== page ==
FedEx Corp.
667ca77a285d8629a74044d6 Fdx Truck 1

FedEx reviewing future of $9B LTL group

June 27, 2024
Analysts say a possible divestment of FedEx Freight, which “has grown to become the darling of the purple portfolio,” makes sense given the valuations investors have given non-union LTL carriers.

The leaders of FedEx have launched a review of the company’s less-than-truckload operations, a move they say is part of “the next phase of […] long-term stockholder value-creation plans” and which analysts expect to end with a spinoff of the business.

FedEx Freight produced an operating profit of $1.8 billion on revenues of $9.1 billion in the company’s just-completed fiscal year. Both numbers were down 6% from fiscal 2023 but have been trending in the right direction of late: During FedEx’s fourth fiscal quarter, operating income climbed 13% from the prior-year period to $506 million, and revenues ticked up 2% to $2.3 billion.

FedEx operates the largest for-hire trucking fleet in the U.S., with more than 155,000 power units. It ranks No. 1 on the FleetOwner 500: For-Hire list.

Speaking to analysts June 25, president and CEO Raj Subramaniam said he expects his team to complete its study by the end of 2024 but was pretty tight-lipped beyond that. But when asked what has changed since a recent investment bank conference where Subramaniam talked broadly about further integrating FedEx Freight with other parts of the company’s portfolio, he cracked the door a bit about why a separation might be in the works.

“We’ve heard from several investors and analysts in this regard and, obviously, we take input from our shareholders very, very seriously,” he said before adding that “this is the right time in our natural planning calendar.”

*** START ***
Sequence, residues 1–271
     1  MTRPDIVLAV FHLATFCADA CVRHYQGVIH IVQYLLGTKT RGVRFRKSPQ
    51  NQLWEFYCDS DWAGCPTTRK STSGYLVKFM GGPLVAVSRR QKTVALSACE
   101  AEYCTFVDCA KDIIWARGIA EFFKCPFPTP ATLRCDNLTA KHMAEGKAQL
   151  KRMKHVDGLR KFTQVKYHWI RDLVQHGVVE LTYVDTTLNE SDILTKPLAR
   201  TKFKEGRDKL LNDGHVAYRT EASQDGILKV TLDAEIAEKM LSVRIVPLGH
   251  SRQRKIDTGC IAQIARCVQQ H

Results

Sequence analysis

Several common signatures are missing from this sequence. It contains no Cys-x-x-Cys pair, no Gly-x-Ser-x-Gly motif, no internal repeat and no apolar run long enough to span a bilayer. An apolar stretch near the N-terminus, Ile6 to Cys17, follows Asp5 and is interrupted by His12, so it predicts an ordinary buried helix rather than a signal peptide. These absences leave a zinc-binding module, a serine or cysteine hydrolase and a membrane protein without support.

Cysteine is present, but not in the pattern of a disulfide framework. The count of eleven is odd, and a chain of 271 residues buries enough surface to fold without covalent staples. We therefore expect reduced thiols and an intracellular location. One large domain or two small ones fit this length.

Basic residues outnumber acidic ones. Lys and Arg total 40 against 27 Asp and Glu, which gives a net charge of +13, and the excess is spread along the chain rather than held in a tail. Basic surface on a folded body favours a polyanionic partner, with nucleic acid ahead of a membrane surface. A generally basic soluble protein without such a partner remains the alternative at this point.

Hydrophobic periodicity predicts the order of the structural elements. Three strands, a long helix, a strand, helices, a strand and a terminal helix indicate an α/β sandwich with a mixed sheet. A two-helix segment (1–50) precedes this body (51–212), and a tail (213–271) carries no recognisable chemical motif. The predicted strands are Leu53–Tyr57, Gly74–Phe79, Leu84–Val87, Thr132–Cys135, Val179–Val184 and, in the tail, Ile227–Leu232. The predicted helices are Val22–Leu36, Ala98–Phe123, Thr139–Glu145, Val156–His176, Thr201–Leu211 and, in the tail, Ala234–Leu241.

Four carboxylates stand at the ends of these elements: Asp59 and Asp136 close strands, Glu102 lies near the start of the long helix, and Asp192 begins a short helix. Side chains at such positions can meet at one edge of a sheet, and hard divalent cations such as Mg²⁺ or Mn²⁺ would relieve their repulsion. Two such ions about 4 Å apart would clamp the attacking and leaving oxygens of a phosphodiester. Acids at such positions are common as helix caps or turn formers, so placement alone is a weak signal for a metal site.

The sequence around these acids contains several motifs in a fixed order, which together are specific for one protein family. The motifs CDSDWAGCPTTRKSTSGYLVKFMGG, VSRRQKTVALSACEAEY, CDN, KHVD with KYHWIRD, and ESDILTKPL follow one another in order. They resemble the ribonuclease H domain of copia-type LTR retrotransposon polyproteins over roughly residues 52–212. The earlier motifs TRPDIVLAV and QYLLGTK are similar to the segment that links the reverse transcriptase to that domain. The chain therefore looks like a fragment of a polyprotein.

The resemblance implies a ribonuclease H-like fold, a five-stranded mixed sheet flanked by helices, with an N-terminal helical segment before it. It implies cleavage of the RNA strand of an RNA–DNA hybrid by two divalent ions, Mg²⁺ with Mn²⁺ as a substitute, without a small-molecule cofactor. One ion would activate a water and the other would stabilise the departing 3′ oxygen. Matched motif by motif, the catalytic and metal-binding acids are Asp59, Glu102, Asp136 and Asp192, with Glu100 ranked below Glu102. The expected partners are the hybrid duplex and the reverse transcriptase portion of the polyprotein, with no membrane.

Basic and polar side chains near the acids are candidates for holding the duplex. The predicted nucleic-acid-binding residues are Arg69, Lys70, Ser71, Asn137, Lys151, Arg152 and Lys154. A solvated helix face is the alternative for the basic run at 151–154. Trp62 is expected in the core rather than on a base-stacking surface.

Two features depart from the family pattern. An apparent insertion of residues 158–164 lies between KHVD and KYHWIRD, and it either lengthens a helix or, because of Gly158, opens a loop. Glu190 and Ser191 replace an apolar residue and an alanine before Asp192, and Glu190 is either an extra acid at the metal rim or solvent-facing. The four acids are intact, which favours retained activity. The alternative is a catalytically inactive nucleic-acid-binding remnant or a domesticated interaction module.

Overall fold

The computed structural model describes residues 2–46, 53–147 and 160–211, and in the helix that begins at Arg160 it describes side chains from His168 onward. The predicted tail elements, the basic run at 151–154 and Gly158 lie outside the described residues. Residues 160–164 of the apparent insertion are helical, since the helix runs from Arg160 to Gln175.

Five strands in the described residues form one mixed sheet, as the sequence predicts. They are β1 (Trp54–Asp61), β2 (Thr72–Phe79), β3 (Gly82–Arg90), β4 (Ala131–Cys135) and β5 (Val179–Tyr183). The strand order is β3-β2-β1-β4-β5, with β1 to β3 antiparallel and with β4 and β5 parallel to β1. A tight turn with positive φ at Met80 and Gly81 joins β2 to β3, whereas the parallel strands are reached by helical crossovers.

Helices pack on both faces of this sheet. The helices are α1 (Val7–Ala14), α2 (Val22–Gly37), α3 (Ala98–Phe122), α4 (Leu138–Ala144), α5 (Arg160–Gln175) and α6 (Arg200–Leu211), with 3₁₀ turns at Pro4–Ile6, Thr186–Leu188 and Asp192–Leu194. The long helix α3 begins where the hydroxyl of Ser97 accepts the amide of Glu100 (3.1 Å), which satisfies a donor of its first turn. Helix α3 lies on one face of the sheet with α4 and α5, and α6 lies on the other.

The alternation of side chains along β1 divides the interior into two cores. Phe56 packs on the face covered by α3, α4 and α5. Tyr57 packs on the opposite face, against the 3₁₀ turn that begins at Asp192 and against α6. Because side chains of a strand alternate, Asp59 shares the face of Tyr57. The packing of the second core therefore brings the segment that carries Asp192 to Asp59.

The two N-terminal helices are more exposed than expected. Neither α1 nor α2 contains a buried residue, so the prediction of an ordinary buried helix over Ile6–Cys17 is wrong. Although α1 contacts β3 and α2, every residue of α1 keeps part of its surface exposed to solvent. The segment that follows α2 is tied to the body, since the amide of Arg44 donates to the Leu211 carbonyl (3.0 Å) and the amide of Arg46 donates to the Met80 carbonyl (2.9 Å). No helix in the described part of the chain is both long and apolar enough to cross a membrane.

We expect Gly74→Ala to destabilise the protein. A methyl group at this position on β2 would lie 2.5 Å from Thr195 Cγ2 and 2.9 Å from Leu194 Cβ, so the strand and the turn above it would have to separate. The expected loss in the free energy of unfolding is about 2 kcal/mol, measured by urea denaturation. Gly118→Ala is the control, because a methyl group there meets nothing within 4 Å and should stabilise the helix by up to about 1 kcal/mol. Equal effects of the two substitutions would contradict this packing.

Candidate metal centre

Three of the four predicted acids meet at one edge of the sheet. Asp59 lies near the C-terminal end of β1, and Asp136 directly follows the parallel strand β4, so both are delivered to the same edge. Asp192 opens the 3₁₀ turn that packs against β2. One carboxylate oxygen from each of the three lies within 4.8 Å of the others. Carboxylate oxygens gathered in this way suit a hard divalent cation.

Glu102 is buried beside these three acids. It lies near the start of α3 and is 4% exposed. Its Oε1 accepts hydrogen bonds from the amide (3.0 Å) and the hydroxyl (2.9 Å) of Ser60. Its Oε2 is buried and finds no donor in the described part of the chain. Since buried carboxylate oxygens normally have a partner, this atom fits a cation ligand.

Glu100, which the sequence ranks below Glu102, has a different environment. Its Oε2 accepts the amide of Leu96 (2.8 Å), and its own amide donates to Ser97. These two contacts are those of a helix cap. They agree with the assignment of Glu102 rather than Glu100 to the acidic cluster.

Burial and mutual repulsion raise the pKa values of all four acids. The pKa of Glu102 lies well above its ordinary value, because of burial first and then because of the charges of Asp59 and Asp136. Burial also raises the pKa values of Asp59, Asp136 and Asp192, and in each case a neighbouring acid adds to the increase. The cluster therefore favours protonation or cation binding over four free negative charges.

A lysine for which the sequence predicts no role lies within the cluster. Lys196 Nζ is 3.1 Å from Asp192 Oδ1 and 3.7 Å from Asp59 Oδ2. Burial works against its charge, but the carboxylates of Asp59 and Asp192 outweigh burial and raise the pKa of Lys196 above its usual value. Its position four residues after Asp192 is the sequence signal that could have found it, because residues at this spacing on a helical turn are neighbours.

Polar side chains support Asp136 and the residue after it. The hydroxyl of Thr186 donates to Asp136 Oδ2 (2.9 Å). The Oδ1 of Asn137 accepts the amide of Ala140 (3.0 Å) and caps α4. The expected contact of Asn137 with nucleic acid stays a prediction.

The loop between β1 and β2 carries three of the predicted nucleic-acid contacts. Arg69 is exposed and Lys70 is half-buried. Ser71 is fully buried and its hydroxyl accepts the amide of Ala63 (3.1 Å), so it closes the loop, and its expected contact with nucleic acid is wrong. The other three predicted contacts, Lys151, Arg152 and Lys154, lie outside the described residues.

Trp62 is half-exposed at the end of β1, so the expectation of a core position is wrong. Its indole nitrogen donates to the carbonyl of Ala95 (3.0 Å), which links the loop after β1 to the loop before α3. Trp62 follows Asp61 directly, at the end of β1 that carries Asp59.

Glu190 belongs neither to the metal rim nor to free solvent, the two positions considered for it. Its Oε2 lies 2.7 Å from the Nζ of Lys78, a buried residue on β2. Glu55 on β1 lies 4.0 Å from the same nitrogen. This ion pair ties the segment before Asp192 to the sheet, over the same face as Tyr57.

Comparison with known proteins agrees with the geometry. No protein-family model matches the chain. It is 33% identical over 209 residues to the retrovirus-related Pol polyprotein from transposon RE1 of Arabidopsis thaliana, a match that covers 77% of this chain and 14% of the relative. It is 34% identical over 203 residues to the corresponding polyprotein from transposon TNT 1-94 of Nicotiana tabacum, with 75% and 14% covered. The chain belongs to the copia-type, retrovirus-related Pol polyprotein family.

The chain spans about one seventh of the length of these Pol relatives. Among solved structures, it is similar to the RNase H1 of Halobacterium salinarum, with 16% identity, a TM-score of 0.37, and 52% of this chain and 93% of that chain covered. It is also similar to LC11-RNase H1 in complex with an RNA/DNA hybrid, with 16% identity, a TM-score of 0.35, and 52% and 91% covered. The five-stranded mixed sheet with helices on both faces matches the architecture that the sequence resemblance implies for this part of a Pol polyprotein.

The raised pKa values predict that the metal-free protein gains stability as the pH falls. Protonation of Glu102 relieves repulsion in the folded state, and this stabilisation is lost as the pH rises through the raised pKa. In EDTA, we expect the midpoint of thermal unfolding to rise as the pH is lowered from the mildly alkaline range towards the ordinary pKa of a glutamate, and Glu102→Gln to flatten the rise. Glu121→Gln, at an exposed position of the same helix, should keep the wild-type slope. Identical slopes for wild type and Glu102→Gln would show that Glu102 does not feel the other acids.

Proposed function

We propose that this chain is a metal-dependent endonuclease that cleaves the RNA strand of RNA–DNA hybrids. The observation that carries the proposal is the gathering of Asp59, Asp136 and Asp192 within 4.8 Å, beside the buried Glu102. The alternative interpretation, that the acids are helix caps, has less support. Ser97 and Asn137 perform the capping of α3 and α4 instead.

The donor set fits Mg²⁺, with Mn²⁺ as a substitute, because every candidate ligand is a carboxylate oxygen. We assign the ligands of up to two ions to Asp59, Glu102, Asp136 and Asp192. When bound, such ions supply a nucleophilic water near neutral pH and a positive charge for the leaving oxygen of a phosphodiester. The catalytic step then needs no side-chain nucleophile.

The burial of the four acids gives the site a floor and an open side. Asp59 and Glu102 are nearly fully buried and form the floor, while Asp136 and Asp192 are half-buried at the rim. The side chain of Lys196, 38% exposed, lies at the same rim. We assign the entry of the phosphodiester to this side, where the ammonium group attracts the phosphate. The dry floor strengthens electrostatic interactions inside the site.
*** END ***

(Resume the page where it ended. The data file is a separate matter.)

Timing could also be an important factor as it relates to current transportation-company valuations, two analysts said in the wake of FedEx’s news. Both Bruce Chan at Stifel and Tom Wadewitz at UBS pointed out that investors value non-union LTL carriers similar to FedEx Freight much more highly than FedEx as a whole. Chan said the ratio is nearly 2-to-1.

“The LTL division has grown to become the darling of the purple portfolio,” Chan wrote in a note to investors that touched on the valuation disparity. “As such, a divestiture seems prudent, in our eyes, and offers a tantalizing opportunity for investors.”

Handling an average of 93,100 shipments per day in the three months ended May 31, FedEx Freight is about 80% larger than XPO Logistics Inc.’s LTL business and roughly double the size of Old Dominion Freight Line’s LTL unit. In FedEx’s fourth-quarter earnings report—highlighted by net income of more than $4.3 billion on total revenues of $87.7 billion—Subramaniam and his team said higher yields and some cost management have helped lift the division’s numbers. Among the moves made in the cost-cutting category are the closings of seven facilities now underway.

Word of the potential divestment of FedEx Freight and progress with broader restructuring initiatives helped shares of FedEx (Ticker: FDX) pop more than 15% to $296 and change on June 26. That’s the stock’s highest level since mid-2021, and the company’s market capitalization is now nearly $73 billion.

About the Author

Geert De Lombaerde | Senior Editor

A native of Belgium, Geert De Lombaerde has more than two decades of business journalism experience and writes about markets and economic trends for Endeavor Business Media publications FleetOwner, Healthcare InnovationIndustryWeek, Oil & Gas Journal and T&D World. With a degree in journalism from the University of Missouri, he began his reporting career at the Business Courier in Cincinnati and later was managing editor and editor of the Nashville Business Journal. Most recently, he oversaw the online and print products of the Nashville Post and reported primarily on Middle Tennessee’s finance sector as well as many of its publicly traded companies.

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